Gout is a peculiar medical condition responsible for sudden and severe attacks of inflammation of certain joints. This inflammation is accompanied by redness of the inflamed area, pain and reduced mobility. In majority of cases there is only one joint affected (the joint at the base of the big foot).
The attack typically occurs in the middle of the night. The pain in the affected joint wakes people up. It is generally described as severe burning sensation. One may notice that the joint is hot and it is also quite tender to touch.
Even though gout affects both genders, men are clearly more susceptible to the disease. The risk also increases in postmenopausal women.
The good thing is that people who have had a gout attack do not have to suffer from recurrent disease. There are highly efficient preventive measures that can successfully ward off repeated gout attacks.
Treatment for acute gout attack usually requires medicamentous treatment. While some drugs deal with symptoms and signs of acute attack, others are rather efficient when it comes to prevention of disease recurrence.
The very attack is easily brought under control with nonsteroidal anti-inflammatory drugs (NSAIDs). These drugs alleviate pain and reduce inflammation. Initially one receives high doses of NSAIDs which are then gradually reduced.
Another drug frequently used during acute gout attacks is colchicine. The drug is most efficient when administered soon after the attack begins.
Finally, patients may receive corticosteroids. Corticosteroids are taken orally or can be injected directly into the affected joint. They are administered only if NSAIDs or colchicine fail to provide with desirable results.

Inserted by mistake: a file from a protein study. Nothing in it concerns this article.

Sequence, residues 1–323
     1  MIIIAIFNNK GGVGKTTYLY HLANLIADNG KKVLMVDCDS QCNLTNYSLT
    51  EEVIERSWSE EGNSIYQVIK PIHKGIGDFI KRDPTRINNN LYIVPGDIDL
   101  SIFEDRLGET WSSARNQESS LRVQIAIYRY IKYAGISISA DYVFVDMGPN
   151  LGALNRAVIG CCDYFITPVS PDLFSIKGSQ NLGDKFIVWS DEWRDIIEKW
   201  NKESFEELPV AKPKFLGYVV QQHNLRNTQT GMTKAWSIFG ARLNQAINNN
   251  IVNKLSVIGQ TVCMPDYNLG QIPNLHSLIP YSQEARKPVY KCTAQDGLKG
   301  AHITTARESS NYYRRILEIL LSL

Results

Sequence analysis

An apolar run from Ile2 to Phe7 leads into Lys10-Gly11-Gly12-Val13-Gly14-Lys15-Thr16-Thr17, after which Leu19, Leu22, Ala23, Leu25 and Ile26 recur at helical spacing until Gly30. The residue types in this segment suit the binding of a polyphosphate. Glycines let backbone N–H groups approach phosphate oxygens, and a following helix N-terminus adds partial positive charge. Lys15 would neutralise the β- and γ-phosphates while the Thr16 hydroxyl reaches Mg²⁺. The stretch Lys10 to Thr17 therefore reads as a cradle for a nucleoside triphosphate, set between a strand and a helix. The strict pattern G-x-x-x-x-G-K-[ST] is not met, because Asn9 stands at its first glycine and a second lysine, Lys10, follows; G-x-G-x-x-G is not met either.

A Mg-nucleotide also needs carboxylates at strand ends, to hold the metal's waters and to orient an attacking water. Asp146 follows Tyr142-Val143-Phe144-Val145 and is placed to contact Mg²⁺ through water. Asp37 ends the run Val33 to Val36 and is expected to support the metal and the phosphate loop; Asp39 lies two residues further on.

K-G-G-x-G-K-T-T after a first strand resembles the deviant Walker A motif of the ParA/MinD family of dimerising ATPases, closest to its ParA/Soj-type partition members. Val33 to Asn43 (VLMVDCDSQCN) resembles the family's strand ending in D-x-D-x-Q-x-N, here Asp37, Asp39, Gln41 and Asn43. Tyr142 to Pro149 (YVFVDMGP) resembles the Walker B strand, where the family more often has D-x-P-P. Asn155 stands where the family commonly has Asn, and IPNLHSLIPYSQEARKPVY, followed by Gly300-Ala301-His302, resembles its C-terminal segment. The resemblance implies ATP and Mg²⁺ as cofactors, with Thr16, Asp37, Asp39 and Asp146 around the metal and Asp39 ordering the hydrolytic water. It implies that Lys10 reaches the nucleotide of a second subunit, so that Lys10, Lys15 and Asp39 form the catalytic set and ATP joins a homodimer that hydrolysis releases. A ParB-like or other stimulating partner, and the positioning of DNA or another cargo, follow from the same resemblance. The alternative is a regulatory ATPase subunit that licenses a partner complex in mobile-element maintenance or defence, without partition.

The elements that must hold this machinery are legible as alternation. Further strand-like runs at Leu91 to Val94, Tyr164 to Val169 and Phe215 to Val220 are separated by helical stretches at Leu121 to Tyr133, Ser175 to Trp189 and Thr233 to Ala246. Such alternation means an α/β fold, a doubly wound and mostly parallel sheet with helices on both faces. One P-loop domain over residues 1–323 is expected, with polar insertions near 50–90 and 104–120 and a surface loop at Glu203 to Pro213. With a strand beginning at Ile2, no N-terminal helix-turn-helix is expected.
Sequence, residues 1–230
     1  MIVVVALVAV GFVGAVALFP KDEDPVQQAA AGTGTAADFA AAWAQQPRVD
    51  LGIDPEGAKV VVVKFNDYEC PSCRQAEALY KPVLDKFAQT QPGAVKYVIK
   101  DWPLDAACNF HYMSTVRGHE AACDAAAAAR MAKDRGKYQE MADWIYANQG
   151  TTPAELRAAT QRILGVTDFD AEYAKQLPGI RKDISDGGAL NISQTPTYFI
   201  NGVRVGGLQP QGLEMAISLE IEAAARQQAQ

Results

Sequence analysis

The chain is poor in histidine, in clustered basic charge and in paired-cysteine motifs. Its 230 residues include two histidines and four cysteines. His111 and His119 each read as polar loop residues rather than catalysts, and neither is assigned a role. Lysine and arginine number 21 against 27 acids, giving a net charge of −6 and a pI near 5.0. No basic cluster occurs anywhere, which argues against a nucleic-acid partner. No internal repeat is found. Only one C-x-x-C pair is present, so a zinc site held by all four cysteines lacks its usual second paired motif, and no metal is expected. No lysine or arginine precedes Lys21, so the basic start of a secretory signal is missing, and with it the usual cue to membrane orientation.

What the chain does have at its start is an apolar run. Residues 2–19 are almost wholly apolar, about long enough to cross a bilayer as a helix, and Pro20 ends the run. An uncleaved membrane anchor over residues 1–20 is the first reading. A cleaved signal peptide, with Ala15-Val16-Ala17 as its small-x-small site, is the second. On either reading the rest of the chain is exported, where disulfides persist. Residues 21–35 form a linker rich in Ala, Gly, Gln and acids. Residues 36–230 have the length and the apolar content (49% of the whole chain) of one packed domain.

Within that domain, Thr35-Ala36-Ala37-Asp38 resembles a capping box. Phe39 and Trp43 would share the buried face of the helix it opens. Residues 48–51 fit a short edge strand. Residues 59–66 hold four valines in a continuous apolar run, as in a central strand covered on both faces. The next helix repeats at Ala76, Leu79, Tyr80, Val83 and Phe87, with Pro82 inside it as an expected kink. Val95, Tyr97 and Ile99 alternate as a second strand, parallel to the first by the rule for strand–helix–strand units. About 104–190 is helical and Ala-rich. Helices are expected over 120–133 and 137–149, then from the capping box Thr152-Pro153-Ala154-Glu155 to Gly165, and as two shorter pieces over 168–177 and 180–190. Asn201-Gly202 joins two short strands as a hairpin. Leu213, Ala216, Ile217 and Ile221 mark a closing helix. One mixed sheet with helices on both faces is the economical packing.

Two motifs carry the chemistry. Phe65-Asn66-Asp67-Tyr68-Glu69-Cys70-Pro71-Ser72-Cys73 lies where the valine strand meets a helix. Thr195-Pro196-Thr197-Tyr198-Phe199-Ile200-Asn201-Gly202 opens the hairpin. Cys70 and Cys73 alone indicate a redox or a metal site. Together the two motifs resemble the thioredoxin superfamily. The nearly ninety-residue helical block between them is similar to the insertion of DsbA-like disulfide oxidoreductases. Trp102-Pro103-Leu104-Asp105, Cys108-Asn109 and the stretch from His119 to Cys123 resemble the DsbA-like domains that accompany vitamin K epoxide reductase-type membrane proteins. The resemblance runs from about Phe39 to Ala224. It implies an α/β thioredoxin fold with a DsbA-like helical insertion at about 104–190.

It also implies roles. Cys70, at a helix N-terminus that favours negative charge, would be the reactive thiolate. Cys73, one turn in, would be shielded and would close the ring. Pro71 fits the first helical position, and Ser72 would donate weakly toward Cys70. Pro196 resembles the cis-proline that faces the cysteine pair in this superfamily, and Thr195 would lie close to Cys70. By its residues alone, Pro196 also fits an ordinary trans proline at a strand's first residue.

Some patients need to take drugs that prevent complications associated with the disease like xanthine oxidase inhibitors.
Gout - Prevention
Prevention of future gout attack may be medicamentous or in a form of dietary changes. Even the combination of the two is possible.
Medications that prevent recurrent attacks are prescribed only in patients who have to deal with several gout attacks each year and those with less frequent but very painful attacks. These drugs are also necessary for prevention of potential complications of the disease in high-risk group of patients.
Such individuals are prescribed low-dose NSAIDs or low-dose colchicine. They may be also prescribed allopurinol or febuxostat or even probenecid.
Dietary changes are of major importance for people suffering from gout. Namely, they reduce intake of foods rich in certain substances responsible for the onset of joint inflammation.
First of all, a person is due to drink plenty of water, at least 8-16 cups per day. Furthermore, intake of alcohol should be either restricted, if not completely eliminated. The foods one consumes should include fruits, vegetables, whole grains and low-fat (preferably fat-free) milk products. Meat, fish and poultry can be consumed, but moderately.
Finally, one will manage to control the disease if he/she maintains healthy weight. Loss of weigh can be an excellent way to reduce acid levels. Still, it must be gradual, never rapid. Rapid weight loss as well as fasting may be triggers for the increase in uric acid levels and the onset of gout attack.